We’ve been discussing here the case of Jennifer McKinney (aka MckMama) and Israel McKinney (dba Kieran’s Contracting) and their alleged fraud perpetrated on the bankruptcy court. Questions have been raised about the likelihood of the McKinneys facing criminal charges, despite a quiet resolution to their original bankruptcy filing (they have waived bankruptcy and can never have those debts discharged in bankruptcy in the future) and the related case filed by trustee Gene Doeling objecting to the discharge of their bankruptcy (resolved with the McKinneys paying $3,500, the value of some of the assets they failed to disclose, and therefore were non-exempt and could be used to pay creditors).
The bankruptcy of Todd Brunner, a Milwaukee area landlord, was thrown out by a judge earlier this year after it was discovered that he did not disclose all his assets. He had $19 million in debts, so not being able to ditch out of them in bankruptcy was probably pretty painful. (The IRS alone says he owes $400,000 to them, but since he hasn’t filed a tax return since 2008, who knows how much higher the real number could be.)
Brunner disclosed assets of $24 million in his bankruptcy, but it was reported at the time the bankruptcy was thrown out:
The judge chastised Brunner for failing to disclose all of his holdings and often disclosing assets only when questioned by creditors or the Trustees office. Among the assets Brunner is accused of not initially disclosing were three pieces of property in Oregon, a handful of properties in the Milwaukee area, firearms and heavy equipment, including a forklift, Schneider said.
“A core purpose of the bankruptcy code is to provide a fresh start for honest debtors,” wrote Debra Schneider, a staff attorney for the Trustee. “It is not a safe haven for fraud and deception.”
It is alleged that Brunner hadn’t provided accurate information even though the court ordered him to do so. The trustee specifically alleged that Brunner:
- Failed to disclose ownership of threes pieces of land in the state of Oregon.
- Has not filed income tax returns since 2008.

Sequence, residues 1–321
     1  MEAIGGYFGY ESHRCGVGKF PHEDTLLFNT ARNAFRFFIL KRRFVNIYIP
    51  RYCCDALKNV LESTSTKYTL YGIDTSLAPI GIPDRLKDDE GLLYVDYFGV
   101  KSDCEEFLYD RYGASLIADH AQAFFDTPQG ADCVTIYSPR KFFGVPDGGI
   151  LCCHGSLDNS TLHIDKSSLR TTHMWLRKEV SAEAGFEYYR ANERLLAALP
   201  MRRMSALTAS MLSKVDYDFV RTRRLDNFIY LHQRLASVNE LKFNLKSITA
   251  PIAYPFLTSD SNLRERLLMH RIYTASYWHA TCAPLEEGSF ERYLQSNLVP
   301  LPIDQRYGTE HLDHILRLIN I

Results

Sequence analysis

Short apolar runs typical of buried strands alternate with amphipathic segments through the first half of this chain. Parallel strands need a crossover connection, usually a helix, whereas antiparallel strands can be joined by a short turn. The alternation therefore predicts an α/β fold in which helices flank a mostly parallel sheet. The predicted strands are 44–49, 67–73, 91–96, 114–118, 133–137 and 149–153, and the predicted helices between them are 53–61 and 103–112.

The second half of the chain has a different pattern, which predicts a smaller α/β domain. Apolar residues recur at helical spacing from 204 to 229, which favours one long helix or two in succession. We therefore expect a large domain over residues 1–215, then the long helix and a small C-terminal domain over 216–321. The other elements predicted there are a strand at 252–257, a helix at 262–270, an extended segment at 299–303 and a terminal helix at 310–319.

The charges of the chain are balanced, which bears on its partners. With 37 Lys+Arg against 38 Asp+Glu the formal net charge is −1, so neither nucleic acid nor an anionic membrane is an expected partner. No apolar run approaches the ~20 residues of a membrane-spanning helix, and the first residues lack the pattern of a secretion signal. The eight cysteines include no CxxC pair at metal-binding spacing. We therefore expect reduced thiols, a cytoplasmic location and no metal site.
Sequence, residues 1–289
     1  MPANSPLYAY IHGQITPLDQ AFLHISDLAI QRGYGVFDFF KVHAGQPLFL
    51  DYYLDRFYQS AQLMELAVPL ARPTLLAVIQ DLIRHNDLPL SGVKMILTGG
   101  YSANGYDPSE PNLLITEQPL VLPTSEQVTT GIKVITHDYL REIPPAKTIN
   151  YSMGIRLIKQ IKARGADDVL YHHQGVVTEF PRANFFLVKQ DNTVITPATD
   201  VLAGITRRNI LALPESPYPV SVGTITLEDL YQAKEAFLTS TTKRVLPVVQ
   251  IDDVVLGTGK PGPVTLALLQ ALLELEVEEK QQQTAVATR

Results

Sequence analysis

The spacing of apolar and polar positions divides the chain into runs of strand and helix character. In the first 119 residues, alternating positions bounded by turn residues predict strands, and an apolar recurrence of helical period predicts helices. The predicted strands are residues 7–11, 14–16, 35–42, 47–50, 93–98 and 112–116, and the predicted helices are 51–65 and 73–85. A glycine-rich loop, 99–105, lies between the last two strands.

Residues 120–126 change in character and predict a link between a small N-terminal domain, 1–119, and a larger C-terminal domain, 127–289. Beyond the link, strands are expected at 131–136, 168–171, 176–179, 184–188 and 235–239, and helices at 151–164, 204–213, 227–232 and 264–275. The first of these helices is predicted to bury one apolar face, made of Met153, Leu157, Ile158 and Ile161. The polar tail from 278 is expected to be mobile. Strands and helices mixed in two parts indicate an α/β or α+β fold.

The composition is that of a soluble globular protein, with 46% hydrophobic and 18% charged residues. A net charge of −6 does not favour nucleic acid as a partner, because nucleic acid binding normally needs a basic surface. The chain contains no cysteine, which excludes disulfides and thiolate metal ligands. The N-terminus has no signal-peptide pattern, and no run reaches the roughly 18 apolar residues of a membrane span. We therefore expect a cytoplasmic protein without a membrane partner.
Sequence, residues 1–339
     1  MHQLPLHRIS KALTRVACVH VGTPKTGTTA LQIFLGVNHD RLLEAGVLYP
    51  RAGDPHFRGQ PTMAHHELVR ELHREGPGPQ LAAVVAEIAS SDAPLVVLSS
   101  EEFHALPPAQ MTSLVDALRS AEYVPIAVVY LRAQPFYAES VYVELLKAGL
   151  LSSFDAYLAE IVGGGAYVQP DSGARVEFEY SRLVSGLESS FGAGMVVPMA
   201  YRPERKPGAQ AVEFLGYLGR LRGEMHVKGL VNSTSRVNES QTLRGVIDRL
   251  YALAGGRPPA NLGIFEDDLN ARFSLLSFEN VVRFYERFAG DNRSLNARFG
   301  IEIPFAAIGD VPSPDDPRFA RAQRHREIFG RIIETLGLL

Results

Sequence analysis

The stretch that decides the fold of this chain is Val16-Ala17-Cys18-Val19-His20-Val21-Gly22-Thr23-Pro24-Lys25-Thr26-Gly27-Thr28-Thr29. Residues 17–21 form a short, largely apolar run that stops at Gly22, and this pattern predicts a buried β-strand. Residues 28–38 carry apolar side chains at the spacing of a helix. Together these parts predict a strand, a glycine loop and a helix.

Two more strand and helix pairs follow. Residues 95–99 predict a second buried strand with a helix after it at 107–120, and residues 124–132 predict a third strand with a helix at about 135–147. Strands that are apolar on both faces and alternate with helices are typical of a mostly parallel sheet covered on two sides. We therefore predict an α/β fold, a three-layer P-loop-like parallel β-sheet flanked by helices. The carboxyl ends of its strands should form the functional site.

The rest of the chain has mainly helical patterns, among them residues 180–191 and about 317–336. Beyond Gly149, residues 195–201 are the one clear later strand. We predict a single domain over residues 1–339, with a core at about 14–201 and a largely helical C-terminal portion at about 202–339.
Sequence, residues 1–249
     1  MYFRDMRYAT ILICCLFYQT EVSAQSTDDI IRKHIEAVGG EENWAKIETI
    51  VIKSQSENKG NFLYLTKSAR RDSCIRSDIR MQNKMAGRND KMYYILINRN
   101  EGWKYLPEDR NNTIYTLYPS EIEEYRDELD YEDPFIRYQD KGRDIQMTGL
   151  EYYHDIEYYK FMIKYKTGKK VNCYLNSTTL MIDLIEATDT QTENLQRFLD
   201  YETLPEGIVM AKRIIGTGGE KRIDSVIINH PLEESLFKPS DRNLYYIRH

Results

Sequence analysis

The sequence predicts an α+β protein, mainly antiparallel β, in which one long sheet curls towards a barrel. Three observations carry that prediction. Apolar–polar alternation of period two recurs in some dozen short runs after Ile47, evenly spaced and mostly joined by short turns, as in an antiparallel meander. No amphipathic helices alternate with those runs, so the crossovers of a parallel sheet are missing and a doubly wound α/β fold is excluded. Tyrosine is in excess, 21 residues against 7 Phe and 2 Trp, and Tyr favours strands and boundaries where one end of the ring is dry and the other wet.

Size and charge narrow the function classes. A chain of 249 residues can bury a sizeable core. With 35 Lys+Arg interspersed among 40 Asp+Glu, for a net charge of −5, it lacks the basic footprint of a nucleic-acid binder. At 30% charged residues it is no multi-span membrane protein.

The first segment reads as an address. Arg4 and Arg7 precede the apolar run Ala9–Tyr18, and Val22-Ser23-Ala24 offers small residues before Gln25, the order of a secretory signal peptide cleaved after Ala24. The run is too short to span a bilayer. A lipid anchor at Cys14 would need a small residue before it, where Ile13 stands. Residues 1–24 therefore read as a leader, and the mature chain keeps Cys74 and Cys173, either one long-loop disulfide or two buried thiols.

- Improperly transferred ownership of properties before filing for bankruptcy.
- Violated a court order that required Brunner to file a variety of financial records.
Regarding the likelihood of criminal charges, one Milwaukee attorney was quoted:
Allegations of fraud in a bankruptcy filing are routinely “referred to the U.S. attorney to look at whether or not there is bankruptcy fraud or criminal bankruptcy fraud aspects,” Kravit said. “My experience . . . is that it would be usual on a sworn lie involving a matter of importance that there would be a criminal referral.”
Brunner has not been charged with any crimes, but has been under investigation by the FBI. An affidavit by an FBI agent alleged a number of things, including:
- “Records from Park Bank also suggest that in preparation for and during the course of the bankruptcy proceedings, Brunner was concealing cash rent receipts”
- “Surveillance videos reflect that on numerous occasions, just prior to and during the bankruptcy proceedings, Shawn Brunner, accompanied by his mother, Sharon Brunner, accessed the safety deposit box” to put in or remove large amounts of currency
The FBI is also investigating the transfer or approximately 100 of Brunner’s properties to his son and to companies linked to Brunner.
So will Brunner be charged with any crimes related to his bankruptcy? No one knows, although the extensive investigation that has been done makes it more likely that charges may be filed.
And what about Jennifer and Israel McKinney? Will they be held to account for their alleged fraud on the bankruptcy court? Civilly, they have been held to account since their cannot ever have these debts discharged in bankruptcy. Criminally, it is unclear. The assets and income concealed by the McKinneys are small potatoes compared to other bankruptcy frauds that are criminally prosecuted.
We can always hope, however that the U. S. Attorney’s office sees merit in pursuing the McKinneys criminally because it sends a message to other average consumers that they can’t get away with crimes simply because the dollars aren’t in the millions.
The bankruptcy system in the United States relies on the honesty of debtors. The McKinneys were given a chance to fully disclose their financial situation to the court, and they did not. They almost got away with it.
Criminally prosecuting them could have an important deterrent effect on other would-be bankruptcy fraudsters. The McKinneys took a chance by lying to the bankruptcy court. If their only consequence is denial of the bankruptcy, then they are no worse off than before they filed bankruptcy. They need to feel the pain of a criminal prosecution so that their dishonest has a real live consequence to them. And the prosecution of Jennifer McKinney could send an important message to anyone else who might think of defrauding the bankruptcy court.
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